Independent Trustee Services Limited and another v Knell (High Court) – 31 March 2010

The High Court has ruled on the interpretation of a scheme’s rule amendment which sought to equalise benefits for men and women following Barber.


In the Barber case, the ECJ concluded that pensions provided under an occupational pension scheme constitute “pay” for the purposes of Article 119 of the EC Treaty (now Article 157 of the Treaty on the Functioning of the European Union) and, as such, need to conform to the principle of equal treatment.

At the time, the majority of schemes had retirement ages of 60 for women and 65 for men, which resulted in unequal benefits in certain respects.  In the wake of Barber, schemes were required to equalise retirement ages from 17 May 1990 (the date of the judgment).  This could be done by increasing Normal Retirement Dates (NRDs) going forwards, but providing benefits on the more favourable basis for the period between the date of the Barber judgment to the date of a valid amendment to equalise benefits.  The period is known as the “Barber window”.

However, while it was clear from Barber that schemes needed to equalise benefits, it was not until two later cases had been decided that trustees and employers understood how to achieve this. In particular, Coloroll confirmed that benefits under occupational pension schemes only needed to accrue equally for men and women for service from the date of the Barber judgment onwards and not for all service.


Under the rules of the Hobourn Group Pension Scheme, NRD was age 65 for men and 60 for women.  The trustee sought to equalise NRDs at age 65 from 1 July 1992, by means of an announcement in April 1992.  This was subsequently expanded upon in a pensions newsletter the following month, and followed by an amending deed some 18 months later (but before the confirmation in Coloroll as to how Barber should be applied).

In the amending deed of 25 November 1993, NRD was defined as:

“(a) in relation to a female Member before 1 July 1992, her 60th birthday, and

(b) in relation to any other Member his or her 65th birthday”.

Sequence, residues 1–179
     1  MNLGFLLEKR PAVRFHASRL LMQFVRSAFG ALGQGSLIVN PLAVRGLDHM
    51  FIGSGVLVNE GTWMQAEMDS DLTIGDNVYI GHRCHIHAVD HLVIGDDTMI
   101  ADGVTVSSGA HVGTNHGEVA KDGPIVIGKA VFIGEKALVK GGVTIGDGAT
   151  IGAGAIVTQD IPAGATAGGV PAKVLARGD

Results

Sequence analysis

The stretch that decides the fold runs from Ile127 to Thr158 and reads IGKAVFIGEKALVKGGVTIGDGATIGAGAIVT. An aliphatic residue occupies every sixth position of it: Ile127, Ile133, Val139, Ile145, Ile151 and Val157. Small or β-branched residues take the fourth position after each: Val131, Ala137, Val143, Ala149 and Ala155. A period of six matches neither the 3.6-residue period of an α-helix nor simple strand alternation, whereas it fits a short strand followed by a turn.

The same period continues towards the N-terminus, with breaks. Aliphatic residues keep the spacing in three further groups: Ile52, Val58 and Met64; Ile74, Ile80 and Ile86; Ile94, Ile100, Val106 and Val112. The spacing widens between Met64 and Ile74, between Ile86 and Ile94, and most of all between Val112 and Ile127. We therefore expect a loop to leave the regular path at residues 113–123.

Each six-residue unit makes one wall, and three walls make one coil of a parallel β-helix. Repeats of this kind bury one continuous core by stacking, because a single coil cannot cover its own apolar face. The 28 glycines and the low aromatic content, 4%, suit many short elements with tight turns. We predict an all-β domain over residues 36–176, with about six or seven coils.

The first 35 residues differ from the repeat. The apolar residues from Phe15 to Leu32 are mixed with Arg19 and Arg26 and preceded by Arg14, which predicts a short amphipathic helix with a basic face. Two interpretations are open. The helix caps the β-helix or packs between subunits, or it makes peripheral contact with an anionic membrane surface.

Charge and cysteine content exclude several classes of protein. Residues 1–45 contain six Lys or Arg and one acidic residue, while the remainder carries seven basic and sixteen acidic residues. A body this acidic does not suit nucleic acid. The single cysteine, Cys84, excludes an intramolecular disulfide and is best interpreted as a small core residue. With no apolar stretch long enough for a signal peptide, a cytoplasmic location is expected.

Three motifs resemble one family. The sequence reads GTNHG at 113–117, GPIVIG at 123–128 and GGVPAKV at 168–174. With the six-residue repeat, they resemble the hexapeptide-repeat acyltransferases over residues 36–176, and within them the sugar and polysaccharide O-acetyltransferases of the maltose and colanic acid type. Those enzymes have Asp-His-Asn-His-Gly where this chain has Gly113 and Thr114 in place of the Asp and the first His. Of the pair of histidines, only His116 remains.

The trustees argued that the wording should be interpreted as if it read “…(a) in relation to the Pensionable Service of a female Member before 1 July 1992, her 60th birthday, and (b) in relation to any other Member or Service his or her 65th birthday”.

By contrast, the representative defendant argued that the definition should be interpreted as applying a NRD of 60 for female members who were Members on 1 July 1992, but a NRD of 65 for everyone else.

An application was therefore made to the court for a ruling as to the correct interpretation of the definition.


Norris J agreed with the trustees and held that wording of the amendment could be interpreted as creating two categories of Pensionable Service, rather than two categories of Member.

His view was that the amendment must be viewed within context of the scheme rules as a whole.  To interpret the amendment otherwise, would render other provisions in the rules (including a proviso in the 1993 deed) nonsensical.

The judge did not, however, take account of either the announcement or subsequent newsletter as these were “statements of subjective intent on the part of the scheme Trustees”.  As such, they were excluded as admissible background (such information only being relevant to questions of rectification).

The Judge also commented on the announcement which sought to change NRD to 65 for all new members joining the scheme from 1 March 1992.  He held that this was wholly ineffective, as it did not constitute an amendment in accordance with the scheme rules.


Whilst this case does not create any new principles in relation to equalisation, it serves as a useful reminder of the care needed when implementing (or reviewing) any equalisation amendments.